Google has updated its flight information page, updating the destination and departure times for its first two flights from Sydney to Beijing, and its flights to Hong Kong and Singapore.
The updates include the fact that Hong Kong’s flights to Beijing will now be arriving at 10am local time, while Singapore’s will arrive at 8pm, and Singapore’s at 5am.
While there’s a big difference between the arrival times of each flight, the updates make the change clear, and it should make it easier for people to book their first round of flights from Hong Kong to Beijing.
The changes were announced by Google’s director of travel and travel analytics, David Prowse.
Prowse said:”Today we’re making it easier to book your first round, because you can now get a better view of where the flights are and how they’re coming to you.”
For example, when you book from Singapore, you’ll see that there’s only one flight, so it’s a lot easier to pick it up and see what it’s going to cost.
“The changes also apply to flights between Sydney and Beijing, with the changes making it clear which route you’ll need to book in order to get to Beijing’s airport.
The biggest change is the new arrival time for Singapore’s flights, which are now arriving at 8am.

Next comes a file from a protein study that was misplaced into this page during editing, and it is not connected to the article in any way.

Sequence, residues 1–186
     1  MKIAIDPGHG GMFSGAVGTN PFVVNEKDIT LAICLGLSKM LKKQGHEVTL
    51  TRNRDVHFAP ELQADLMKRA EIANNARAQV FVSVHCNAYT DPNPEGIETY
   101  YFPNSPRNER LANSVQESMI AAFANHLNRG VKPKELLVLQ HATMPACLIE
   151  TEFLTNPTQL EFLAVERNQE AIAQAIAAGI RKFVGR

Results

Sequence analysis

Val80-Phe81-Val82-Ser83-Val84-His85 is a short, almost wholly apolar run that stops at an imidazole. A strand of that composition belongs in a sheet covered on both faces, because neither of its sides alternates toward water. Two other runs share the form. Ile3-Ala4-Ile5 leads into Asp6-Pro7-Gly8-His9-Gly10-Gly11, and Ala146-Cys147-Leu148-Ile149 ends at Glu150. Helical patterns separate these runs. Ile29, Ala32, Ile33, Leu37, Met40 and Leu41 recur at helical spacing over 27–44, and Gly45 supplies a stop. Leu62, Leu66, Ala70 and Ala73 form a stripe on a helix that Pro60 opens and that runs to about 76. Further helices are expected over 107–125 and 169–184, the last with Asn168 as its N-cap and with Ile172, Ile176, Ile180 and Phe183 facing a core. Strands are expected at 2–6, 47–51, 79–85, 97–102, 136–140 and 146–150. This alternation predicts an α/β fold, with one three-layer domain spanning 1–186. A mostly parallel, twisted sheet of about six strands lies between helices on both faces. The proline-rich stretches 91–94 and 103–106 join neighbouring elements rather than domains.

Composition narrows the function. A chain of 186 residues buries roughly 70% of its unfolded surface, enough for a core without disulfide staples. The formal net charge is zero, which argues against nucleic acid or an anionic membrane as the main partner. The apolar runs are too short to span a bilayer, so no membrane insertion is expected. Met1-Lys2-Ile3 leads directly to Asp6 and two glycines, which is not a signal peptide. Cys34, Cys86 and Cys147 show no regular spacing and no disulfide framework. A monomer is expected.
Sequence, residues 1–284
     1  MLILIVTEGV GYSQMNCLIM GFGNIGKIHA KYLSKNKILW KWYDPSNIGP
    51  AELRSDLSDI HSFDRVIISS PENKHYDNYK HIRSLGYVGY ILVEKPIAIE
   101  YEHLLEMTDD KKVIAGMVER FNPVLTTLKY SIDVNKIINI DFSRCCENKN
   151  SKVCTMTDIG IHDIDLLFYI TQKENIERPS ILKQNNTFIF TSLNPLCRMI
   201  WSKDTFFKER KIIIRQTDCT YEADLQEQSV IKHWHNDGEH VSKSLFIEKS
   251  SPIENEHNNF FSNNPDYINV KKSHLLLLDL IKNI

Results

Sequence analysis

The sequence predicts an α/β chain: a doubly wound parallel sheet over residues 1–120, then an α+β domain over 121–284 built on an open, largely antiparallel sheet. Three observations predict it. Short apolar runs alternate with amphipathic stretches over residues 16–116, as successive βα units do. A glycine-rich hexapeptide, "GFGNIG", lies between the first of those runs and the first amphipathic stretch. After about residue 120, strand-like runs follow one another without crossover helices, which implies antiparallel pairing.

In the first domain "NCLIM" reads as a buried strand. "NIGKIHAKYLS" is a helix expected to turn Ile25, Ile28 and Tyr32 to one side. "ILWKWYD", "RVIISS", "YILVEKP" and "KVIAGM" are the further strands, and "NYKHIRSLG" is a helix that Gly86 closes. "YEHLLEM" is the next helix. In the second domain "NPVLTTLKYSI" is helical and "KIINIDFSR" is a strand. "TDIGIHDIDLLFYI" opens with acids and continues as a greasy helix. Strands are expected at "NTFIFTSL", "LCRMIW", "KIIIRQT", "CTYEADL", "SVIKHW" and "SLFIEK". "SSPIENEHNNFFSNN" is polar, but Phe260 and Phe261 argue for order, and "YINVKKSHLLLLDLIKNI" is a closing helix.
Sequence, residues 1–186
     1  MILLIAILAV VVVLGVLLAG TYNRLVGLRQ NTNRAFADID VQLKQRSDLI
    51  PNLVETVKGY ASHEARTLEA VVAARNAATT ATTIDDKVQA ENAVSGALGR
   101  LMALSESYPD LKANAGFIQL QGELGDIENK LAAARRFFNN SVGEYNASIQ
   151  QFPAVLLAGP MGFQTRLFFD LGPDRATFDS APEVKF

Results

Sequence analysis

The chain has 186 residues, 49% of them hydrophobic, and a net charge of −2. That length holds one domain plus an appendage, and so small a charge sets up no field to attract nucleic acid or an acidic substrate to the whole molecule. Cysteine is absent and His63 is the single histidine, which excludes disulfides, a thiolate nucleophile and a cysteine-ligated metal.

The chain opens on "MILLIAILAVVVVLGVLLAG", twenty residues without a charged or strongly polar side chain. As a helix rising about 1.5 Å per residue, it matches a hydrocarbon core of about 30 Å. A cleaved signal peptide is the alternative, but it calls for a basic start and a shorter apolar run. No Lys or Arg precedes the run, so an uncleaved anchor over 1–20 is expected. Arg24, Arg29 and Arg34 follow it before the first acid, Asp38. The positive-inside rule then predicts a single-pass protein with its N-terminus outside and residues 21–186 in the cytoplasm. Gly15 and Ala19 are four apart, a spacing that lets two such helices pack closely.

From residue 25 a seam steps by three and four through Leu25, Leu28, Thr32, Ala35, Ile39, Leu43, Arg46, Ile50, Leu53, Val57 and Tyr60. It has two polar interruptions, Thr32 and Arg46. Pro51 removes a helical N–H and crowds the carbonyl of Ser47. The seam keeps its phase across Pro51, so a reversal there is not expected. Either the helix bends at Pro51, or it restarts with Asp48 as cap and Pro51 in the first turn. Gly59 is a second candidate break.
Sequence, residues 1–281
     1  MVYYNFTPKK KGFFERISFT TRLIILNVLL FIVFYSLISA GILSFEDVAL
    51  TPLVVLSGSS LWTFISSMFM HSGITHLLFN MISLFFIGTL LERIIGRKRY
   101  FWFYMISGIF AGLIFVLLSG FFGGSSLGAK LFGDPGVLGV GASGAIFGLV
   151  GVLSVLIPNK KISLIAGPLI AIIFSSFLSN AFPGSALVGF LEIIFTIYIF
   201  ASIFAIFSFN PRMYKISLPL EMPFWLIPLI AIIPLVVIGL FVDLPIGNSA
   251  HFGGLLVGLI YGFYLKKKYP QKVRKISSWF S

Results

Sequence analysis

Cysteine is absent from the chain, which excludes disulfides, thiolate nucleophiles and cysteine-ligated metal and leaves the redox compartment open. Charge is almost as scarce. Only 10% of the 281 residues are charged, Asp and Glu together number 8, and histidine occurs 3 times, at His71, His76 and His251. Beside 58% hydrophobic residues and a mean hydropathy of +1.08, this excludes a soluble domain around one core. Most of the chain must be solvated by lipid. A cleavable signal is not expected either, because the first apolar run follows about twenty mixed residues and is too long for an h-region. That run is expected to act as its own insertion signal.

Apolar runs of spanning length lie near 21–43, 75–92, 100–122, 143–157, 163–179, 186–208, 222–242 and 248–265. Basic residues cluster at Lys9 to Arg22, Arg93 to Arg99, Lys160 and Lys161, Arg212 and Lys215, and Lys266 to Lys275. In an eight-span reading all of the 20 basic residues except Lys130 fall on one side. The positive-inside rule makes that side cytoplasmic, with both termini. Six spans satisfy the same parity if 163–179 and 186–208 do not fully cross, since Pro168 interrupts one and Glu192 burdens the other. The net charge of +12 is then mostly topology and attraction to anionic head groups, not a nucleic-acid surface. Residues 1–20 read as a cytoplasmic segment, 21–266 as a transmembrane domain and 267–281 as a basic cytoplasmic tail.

This means you’ll get a much clearer view of the cost of the flight.
It also means you can easily compare prices between different airlines when booking your flights.
It’s not just the arrival time that has changed.
The new arrivals are also now clearly marked on the departure pages, and Prowsted said: “Singapore’s flights are now clearly and accurately marked.
“This means that if you’re going to Singapore from a city in Singapore, there’s also a way to tell you where the Singapore to Beijing flights are going to be, and we’ll tell you the arrival and departure time.”
The new arrival times have been in effect for three weeks now, with Google stating that the changes were made after being contacted by people with questions about the change.
It is a big step forward for Singapore, which has been struggling to keep up with the rapid growth of China, and which has seen a number of problems including the closure of its domestic carrier, Starlink.